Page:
The meeting set up at ESAN University was a fascinating panel discussion with eminent agribusiness academics, entrepreneurs and consultants. We learned about the similar history Peruvian farmers experienced with their Chilean counterparts as it pertains to the agrarian reforms in the 1960s, and the government partitioning of land into small subsistence-based “mini-farms.” Peruvian farmers however faced more acute geographic isolation due to the poor road infrastructure in their areas, and inadequate access to government funded irrigation systems. As a result many of these farmers have resorted to illegal Coca farming in order to make ends meet.



One way for small farmers to enhance their wellbeing is to band together their lands and aggregate their production in the form of co-ops. Agroideas is a government entity that actively encourages this by offering government funding for equipment, technical know-how and other assistance. The catch however is that these co-ops have to actually produce business plans that prove their viability, sustainability and profitability. NGOs like Technoserve provide consultation services and advice to these co-op members on their business plan preparation and presentation. It seems that Peruvian co-ops have something in common with Executive MBA students who are about to start work on their capstone projects!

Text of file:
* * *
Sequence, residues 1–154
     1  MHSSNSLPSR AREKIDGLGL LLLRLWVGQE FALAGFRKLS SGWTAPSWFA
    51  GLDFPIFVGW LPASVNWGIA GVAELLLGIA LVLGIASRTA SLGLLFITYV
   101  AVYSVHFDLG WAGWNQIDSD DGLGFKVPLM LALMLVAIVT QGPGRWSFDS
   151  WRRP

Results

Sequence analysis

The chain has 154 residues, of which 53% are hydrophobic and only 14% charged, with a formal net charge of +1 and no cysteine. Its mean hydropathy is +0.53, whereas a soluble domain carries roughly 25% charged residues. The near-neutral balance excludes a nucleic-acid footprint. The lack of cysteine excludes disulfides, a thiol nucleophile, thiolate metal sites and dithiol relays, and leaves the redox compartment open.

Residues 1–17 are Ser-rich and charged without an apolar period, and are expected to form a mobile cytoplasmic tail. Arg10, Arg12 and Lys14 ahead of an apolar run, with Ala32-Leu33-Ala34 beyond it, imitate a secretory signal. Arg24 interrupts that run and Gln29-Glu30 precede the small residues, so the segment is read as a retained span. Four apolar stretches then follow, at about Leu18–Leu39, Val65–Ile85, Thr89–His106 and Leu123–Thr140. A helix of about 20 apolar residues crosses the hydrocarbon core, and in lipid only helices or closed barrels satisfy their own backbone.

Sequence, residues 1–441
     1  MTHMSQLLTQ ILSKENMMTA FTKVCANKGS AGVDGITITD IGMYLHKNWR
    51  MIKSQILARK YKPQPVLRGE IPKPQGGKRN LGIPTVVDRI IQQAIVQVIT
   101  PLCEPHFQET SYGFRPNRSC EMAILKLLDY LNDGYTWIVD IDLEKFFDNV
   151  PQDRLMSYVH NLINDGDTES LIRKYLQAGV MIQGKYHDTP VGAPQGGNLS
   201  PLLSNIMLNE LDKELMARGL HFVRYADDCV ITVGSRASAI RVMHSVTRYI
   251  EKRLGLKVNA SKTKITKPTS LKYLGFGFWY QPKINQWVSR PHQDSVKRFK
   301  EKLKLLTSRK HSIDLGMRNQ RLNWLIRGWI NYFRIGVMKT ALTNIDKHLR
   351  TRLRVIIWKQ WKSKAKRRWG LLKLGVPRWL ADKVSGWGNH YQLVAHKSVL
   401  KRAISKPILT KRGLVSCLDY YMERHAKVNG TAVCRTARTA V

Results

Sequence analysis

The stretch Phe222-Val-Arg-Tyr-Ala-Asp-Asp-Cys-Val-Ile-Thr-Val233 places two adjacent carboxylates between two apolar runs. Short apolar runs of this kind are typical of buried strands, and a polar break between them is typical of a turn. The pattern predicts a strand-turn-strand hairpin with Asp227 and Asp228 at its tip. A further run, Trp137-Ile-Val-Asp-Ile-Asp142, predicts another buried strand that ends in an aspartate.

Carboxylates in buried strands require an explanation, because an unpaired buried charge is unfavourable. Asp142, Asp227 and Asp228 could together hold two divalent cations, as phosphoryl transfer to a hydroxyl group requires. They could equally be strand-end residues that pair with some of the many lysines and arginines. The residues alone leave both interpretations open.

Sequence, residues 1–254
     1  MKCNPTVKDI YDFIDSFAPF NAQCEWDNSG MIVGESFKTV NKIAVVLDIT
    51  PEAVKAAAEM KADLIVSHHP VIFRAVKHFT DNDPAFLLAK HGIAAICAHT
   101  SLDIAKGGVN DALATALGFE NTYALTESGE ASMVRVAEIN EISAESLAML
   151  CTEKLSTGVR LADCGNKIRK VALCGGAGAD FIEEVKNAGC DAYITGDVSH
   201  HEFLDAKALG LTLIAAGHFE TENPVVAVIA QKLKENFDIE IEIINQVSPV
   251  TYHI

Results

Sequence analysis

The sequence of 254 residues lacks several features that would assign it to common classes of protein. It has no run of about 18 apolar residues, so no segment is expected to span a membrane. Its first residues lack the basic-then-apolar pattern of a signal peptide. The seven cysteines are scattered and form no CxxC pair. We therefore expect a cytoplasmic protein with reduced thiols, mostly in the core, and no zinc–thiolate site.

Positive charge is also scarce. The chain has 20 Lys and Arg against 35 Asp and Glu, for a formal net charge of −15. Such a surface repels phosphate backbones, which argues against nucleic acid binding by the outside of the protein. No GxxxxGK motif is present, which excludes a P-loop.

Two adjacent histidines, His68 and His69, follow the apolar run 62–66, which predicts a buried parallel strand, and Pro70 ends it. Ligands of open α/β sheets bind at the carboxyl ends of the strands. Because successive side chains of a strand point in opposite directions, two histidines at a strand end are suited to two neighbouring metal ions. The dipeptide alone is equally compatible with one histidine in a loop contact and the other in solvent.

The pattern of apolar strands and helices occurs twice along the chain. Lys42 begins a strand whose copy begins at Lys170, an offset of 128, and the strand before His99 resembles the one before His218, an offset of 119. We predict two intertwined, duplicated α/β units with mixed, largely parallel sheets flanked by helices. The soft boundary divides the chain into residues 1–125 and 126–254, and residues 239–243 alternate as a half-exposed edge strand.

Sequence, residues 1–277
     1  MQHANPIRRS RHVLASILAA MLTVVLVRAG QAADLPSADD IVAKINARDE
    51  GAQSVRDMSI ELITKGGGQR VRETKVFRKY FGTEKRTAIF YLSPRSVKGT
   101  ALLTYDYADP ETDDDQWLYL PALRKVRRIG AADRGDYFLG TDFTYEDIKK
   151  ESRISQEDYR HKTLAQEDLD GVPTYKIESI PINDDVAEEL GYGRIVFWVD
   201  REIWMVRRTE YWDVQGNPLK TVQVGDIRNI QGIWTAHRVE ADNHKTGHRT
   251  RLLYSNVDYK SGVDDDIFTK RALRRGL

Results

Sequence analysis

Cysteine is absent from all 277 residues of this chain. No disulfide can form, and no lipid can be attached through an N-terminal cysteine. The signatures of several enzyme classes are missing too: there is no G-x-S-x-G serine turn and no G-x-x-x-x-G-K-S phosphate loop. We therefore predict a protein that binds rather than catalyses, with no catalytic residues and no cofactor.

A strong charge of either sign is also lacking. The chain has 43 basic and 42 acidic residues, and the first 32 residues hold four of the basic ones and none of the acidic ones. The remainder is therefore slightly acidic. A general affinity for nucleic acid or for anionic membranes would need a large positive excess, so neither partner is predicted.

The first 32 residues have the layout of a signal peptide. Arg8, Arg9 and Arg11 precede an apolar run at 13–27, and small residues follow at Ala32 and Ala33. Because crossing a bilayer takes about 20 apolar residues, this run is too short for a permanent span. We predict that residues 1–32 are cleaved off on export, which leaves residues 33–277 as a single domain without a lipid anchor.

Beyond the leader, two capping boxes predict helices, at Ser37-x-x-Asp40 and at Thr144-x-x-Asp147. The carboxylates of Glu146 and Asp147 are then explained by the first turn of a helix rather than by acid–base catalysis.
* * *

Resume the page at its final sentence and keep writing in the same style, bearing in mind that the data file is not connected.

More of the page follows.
Sunday, March 23, 2014

EMBA 26 in Peru - Learning about Illegal Mining

Did you know that 60% of the GDP of Peru comes from illegal activities? That’s right, over 60% of the economy is under the radar and does not contribute to the common welfare of all Peruvians. The illegal economy is divided into three equal sectors of drugs, mining, and timber (mahogany).
 
Many Peruvian peasants with little education drift into illegal mining. These miners are not your average Joe with a pick and shovel in the hills. Rather these are smart entrepreneurs who run large scale operations. They convert equipment from other industries to mining and operate million dollar dredgers. They operate 40 km from the nearest roads in either the jungle or mountains. There is one mining village which is at 5800 M above sea level (the mine is at 6500 M above sea level). This village has widescreen plasma TVs, iPhone, iPads, and the latest technology. It however, has no running water or sewers. These miners exist on the edge of Peru, but cause large scale damage.
 
These low budget miners focus on getting the gold out of the ore as quickly and efficiently as possible. Hence they separate the gold with either mercury or cyanide. This is done is in makeshift huts and basins using human muscle to drive separation of the gold, silver, or platinum. Once this mineral is extracted the waste water and tillings are dumped either in local lakes, jungle, or nearby piles. This creates environmental destruction as watersheds and downstream drinking supplies are contaminated with mercury or cyanide. People, especially children, are effected and neurological symptoms are occurring in these makeshift villages. Yet still the illegal mining continues.